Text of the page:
The decision to seek residential treatment for addiction is not one that any family takes lightly. Addiction is a notoriously complex issue. When someone finally does decide to get the care they need, they’re often faced with an entirely new, complex set of questions. How much is reasonable to pay for treatment? What are the major differences between the programs? Is 12-step or non-12-step the best option?
Though there’s obviously not one right choice when it comes to recovery, the recovery industry has become something of a monster in recent years. According to an article in the Daily Beast, the rehab industry now represents a $35 billion dollar pie—and many of the practices therein seem ultimately concerned with the bottom line rather than the long-term health of their patients. By way of example, most facilities use rolling admissions as a way to keep as many clients coming in and going out as possible. After all, the more clients who come in, the more insurance money can be collected and the more the industry can grow.
Although this paints a somewhat sinister picture of an industry that does undoubtedly help many people, the question remains: is this the best way to do recovery? For Joe Koelzer, CEO and co-founder of the non-12-Step rehab The Clearing in Friday Harbor, Washington, the answer is a resounding no.
For their part, The Clearing emphasizes a cohort-based recovery model where all clients enter the same day and graduate the same day, completing their therapy programs together. “As it turns out, it’s a really great healing model,” Koelzer says. “It’s a much harder business model, which is why nobody else does it.”
All jokes aside, Koelzer believes in the cohort-based approach as a response to the revolving doors of rolling admissions found at the majority of other residential programs. “When we decided to create The Clearing, we made a conscious decision to start with a blank piece of paper,” he said. “We said, ‘We’re not going to look at what everybody else is doing, we’re not going to look at what insurance wants to pay for. Let’s just focus on creating a program with the best chance of healing, what would it look like?’”
The answer is a program that breaks most of the familiar recovery molds—including a defiance of 12-step dogma. The philosophy expressed is similar to one presented in an article in the Atlantic, which took the recovery industry to task for relying almost exclusively on the 12 steps as an outdated treatment protocol. In reality, according to the article, the success rate of such programs alone is between five and 10 percent.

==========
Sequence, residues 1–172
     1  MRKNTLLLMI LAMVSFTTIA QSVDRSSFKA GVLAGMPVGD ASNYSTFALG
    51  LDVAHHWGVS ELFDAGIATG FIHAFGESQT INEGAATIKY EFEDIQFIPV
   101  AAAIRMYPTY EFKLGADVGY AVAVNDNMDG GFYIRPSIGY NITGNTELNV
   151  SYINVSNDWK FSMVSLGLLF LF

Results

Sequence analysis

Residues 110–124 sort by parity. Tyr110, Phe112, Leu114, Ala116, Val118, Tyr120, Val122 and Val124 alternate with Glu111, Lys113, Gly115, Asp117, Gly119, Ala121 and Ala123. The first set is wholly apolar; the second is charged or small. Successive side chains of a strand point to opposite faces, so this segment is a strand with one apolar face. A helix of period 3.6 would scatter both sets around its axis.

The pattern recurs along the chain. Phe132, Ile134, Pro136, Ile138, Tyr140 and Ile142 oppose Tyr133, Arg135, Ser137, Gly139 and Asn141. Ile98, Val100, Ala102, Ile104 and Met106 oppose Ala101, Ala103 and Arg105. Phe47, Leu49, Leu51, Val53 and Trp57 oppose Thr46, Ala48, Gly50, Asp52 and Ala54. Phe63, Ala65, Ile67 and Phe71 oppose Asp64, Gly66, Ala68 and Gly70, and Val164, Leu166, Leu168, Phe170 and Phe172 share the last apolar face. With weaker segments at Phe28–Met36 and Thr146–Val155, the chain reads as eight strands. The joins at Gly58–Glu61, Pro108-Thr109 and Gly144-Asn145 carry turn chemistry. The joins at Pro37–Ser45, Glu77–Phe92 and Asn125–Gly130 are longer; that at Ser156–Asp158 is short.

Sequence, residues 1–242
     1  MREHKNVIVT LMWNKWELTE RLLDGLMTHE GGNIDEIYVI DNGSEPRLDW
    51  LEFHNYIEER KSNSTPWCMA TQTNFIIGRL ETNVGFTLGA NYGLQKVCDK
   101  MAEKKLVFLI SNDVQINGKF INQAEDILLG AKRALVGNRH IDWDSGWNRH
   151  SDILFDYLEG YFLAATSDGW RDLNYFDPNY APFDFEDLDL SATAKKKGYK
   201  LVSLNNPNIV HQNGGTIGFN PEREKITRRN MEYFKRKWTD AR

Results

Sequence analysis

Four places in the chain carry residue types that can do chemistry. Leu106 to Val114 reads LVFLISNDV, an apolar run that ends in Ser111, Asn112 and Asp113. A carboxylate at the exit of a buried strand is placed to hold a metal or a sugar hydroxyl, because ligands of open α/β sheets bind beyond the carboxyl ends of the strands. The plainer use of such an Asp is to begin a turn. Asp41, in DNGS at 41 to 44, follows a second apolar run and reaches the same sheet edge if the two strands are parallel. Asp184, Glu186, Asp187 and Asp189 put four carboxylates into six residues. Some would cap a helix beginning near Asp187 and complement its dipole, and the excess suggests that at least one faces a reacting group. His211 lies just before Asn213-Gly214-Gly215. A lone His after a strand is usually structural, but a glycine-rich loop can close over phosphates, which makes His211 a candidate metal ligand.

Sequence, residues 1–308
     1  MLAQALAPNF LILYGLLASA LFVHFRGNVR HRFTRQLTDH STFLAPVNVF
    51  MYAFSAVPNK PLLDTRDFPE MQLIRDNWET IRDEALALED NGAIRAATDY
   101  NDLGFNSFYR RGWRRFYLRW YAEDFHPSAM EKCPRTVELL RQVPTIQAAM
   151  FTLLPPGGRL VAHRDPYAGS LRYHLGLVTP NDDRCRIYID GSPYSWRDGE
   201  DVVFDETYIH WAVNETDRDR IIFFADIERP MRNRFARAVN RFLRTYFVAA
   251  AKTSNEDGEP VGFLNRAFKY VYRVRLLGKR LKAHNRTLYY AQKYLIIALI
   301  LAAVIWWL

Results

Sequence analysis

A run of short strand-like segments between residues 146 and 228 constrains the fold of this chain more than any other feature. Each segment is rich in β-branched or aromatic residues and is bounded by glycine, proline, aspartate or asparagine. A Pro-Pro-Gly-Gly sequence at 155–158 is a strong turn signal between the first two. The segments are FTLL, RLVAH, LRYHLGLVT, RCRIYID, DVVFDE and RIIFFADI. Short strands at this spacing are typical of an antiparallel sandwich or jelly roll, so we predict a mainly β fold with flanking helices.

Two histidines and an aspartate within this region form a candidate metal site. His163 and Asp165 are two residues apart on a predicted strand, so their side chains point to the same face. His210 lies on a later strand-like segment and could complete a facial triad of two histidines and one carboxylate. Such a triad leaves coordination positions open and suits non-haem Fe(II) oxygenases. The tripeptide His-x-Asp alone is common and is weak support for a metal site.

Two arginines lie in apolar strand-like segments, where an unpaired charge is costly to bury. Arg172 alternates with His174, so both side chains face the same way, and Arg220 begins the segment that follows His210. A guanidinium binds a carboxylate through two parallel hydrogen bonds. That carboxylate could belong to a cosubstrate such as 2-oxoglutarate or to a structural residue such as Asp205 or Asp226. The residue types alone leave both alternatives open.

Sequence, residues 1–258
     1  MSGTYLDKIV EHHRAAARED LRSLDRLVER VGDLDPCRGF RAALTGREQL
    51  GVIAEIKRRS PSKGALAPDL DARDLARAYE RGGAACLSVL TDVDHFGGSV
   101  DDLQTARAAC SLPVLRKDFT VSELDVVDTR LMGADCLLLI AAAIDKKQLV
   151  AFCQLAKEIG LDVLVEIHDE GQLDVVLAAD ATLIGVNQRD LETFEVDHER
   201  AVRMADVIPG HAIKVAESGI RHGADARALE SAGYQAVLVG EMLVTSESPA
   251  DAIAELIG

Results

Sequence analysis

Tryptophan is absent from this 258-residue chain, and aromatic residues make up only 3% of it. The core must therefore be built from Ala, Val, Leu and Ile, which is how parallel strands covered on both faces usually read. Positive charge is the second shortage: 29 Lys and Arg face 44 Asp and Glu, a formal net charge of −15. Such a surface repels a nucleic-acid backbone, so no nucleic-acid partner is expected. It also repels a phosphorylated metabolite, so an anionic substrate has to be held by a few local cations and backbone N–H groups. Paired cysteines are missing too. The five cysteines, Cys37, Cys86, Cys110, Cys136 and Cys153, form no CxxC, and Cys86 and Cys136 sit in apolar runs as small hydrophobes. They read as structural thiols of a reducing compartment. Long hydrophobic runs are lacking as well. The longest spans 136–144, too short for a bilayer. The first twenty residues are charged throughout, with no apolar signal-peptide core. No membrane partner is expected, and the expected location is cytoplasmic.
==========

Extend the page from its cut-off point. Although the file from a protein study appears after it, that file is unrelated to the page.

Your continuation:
While this shouldn’t necessarily disqualify 12-step entirely, what’s clear is that this recovery philosophy was developed as far back as the 1930s—and there’s likely more to the story of addiction that needs addressing. “Our program does have a spiritual component to it,” Koelzer says, “but we mean true spirituality. We’re not preaching a dogma but rather we are working with each Participant to assist them through their self-discovery process.’”
From the perspective of Koelzer and The Clearing, the approach that practitioners take to recovery ought to be a lot more fluid. “I don’t think we’re the answer for everybody. I don’t think anybody is the answer for everybody,” Koelzer says. “Almost nothing is the same as it was in the 1930s. We need to let our evolution, our new understanding of science, psychology and spirituality change the way that we heal. We’re looking for more and better and different ways that are more effective in healing addiction.”
To put things in perspective, there are many things that The Clearing has in common with other programs—namely, evidence-based psychotherapy, holistic care methods, dual diagnosis support and a qualified staff. The primary difference, however, is in allowing clients to chart their own emotional journeys in a calm environment without the disruptions of people coming and going. “How do you create any kind of true consistency and safety within [a program that’s]always changing?” he says.
Above all, according to Koelzer, the shift in addiction medicine that may need to happen is to slow the pace of treatment more generally. “The whole industry is built around the urgency of, you’ve got to go to treatment today.’” he says. “Well, you don’t have to go today. You’ve been doing this for 15 or 20 years. If you take the made-up urgency out of it, you can say: ‘Let me go to the place that I need to go rather than just the place that has a bed open.’”
Photo courtesy of The Clearing; used with permission